|Filed under Musings;|
When I write for Juiced.GS, I edit as I go: words are substituted, sentences experimented with, entire paragraphs moved or scrapped. By the time I finish my first draft, it's often very close to a final draft.
But with Open Apple, there's no going back. Once I click "Record" on the computer, the first take attains as much permanency as the second and third, with no distinction between garbage and eloquence. It's more akin to brainstorming, where we just keep talking to get the ideas down to be sifted through later. There's an editing process, for sure, but it's entirely distinct from the content production phase.
But then I thought, isn't that similar to the relationship between writers and editors? Writers may edit as they go, but their work isn't truly edited until it's fallen under the scalpel of a separate editor who prepares it for publication. In recording an episode of Open Apple, I'm more akin to a writer who then submits his work to an editor. Everything that doesn't fit the vision of the final product is sloughed at a later date and time.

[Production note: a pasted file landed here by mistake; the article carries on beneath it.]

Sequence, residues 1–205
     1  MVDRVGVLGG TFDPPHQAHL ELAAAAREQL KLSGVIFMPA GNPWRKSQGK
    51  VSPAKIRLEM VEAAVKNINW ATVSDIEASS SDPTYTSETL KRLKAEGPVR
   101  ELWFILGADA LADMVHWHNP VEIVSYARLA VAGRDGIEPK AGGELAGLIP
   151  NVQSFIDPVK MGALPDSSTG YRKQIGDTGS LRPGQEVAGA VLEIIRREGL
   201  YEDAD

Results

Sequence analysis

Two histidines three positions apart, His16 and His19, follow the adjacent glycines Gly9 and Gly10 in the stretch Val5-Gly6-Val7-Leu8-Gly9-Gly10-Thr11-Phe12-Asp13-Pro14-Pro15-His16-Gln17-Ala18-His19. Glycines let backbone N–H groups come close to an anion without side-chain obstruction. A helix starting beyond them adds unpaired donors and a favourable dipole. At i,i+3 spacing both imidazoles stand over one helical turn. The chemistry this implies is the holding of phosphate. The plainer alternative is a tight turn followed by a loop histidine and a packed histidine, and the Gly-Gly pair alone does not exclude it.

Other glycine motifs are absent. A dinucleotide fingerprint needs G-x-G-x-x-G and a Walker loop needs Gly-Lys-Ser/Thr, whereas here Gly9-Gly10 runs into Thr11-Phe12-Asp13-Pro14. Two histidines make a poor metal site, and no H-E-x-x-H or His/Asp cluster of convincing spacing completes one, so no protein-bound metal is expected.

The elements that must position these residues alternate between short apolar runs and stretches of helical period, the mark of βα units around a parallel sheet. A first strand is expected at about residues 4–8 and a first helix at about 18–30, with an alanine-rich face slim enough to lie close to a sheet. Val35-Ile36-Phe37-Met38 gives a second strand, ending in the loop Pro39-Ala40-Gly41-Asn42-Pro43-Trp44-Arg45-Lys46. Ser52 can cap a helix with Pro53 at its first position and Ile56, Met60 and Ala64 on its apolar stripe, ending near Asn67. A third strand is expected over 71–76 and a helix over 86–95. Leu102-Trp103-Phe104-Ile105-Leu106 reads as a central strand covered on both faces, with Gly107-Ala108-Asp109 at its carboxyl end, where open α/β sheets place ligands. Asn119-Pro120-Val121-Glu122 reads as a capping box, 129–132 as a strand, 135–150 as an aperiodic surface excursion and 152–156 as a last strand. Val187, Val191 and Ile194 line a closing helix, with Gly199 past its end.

It's a challenging distinction, but that's how I like it. I've enjoyed every stage of Open Apple production because it's so new to me. My first professional experience with audio editing came as the post-production editor for the now-defunct Computerworld Editorial podcast, which opened with one of the same songs heard in Open Apple. The Apple II podcast marks the first time I've also participated in outlining and then producing the content. Being involved in a project from beginning to end is the best way to learn what goes into a finished piece and what parts are enjoyable, as I discovered when I became editor and then publisher of Juiced.GS.
I feel right now like I'm at the same point of educational experimentation with Open Apple that I was six years ago with Juiced.GS. Neither will ever be perfect, and both provide unique and ample opportunities to innovate — but Open Apple's learning curve is currently much steeper, and I couldn't be happier.